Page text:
As one of four finalists, “Common Unity” by Rozana Montiel Estudio de Arquitectura and Alin V. Wallach was revealed as the 2018 MCHAP.emerge winner during the MCHAP.emerge Symposium and Award Dinner at the IIT College of Architecture last night. As part of the biennial MCHAP award competition, the MCHAP.emerge award recognizes an outstanding built work in the Americas by an emerging architecture practice.
The Common Unity project is located in Mexico City's San Pablo Xalpa housing unit, which accommodates approximately 7,000 inhabitants, and where zoning and accesses have been altered through the fences and barriers that inhabitants built over time. Working around these barriers, Common Unity is an intervention that creates an open, communal space at the heart of the housing unit where the surrounding community can gather. The project's mission was to “build trust through design,” the design team describes.
Read more project info from the design team below.
“We worked around the barriers created by the inhabitants in order to make them permeable, democratic and meaningful. One of our design strategies to reclaim privatized spaces for public use was to shift the vertical (railing, walls, gates, enclosures) which separate and divide for the horizontal (roof, shelter, floors, passageway) that connects, reunites, and encourages community interaction,” the design team describes.
“The horizontal became more than just a roof: by expanding the program of potential activities in common areas through compact multi-functional structures, our COMMON-UNITY project gathered the community under the same roof. The design of the new space spoke for itself: people willingly gave up 90% of the barriers. Rehabilitating public space restored the community’s use of it, transforming the UNIT into COMMON-UNITY.”
“The recovered public space in Xalpa became an extension of each apartment, while it remained free to the public. The real-estate value of the apartments doubled: the apartments surrounding the rehabilitated areas acquired the added value of community life. Safety was achieved through design.”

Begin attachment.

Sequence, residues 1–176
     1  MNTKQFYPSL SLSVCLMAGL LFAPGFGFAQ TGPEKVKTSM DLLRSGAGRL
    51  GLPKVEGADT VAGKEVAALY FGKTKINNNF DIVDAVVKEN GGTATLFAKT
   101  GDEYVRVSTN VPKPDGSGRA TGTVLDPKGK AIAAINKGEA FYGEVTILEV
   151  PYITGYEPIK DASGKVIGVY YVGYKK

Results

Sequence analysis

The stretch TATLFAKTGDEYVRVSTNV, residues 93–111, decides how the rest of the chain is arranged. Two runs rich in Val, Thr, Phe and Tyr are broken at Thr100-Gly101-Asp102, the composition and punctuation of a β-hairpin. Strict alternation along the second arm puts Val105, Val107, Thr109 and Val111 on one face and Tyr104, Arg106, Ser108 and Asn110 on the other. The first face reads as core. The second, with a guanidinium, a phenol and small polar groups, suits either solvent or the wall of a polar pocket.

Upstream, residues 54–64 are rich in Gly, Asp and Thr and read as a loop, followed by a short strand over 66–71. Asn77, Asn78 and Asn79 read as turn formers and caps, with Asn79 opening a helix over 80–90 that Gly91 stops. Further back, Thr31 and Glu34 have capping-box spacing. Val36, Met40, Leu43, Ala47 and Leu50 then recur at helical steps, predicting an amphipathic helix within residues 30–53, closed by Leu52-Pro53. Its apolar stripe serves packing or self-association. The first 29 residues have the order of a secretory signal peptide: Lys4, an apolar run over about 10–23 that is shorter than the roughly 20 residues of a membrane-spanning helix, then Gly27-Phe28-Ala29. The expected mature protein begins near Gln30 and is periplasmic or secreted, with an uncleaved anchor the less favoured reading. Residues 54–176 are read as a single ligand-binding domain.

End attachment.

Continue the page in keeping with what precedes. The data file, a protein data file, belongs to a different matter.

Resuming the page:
“It was extremely important to design with the community and not just for the community through the implementation of what we call SITE-ACTIONS. We term site-action a public space intervention designed to involve users in creative ways in order to free space from preconceptions: change begins with a shift of perception. The resulting spaces are filled with life and constant community activity...”
The architects added roofs with panels that provided blackboards, climbing walls, nets, handrails, ropes, rings, and monkey bars. The architects also transformed an old, leaky shed into a new, light-filled library and reading room called El Saloncito. These days, the project provides a welcoming area — plus free Wi-Fi — where people can attend classes and host various social activities, from movie nights to knitting clubs to religious celebrations.
“Rehabilitating and recovering public space had the immediate and continuing impact of safety by giving the spaces character and qualities that had been missing for decades,” commented jury member Claire Weisz. “The space is unified by a plaza that floats just above the ground composed of permeable areas for the existing trees, concrete areas that are raised which become bridges and decks under the light steel structures that offer shade and frames for interpretation. These spatial moves serve to enlarge the usable area while at the same time still creating spaces for small gatherings and individual activities. The urban design is both the resulting activated and valuable public space, the programs and spaces that didn’t formerly exist and the design of a social process — all in one project.”
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